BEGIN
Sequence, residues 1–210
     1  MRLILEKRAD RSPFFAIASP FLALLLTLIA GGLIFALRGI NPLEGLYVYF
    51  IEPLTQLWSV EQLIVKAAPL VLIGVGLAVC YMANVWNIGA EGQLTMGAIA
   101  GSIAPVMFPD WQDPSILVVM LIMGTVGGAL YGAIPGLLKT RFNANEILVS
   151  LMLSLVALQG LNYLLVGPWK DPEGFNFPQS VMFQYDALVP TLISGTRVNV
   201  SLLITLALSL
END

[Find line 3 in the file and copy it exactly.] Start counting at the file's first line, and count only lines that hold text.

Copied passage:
    51  IEPLTQLWSV EQLIVKAAPL VLIGVGLAVC YMANVWNIGA EGQLTMGAIA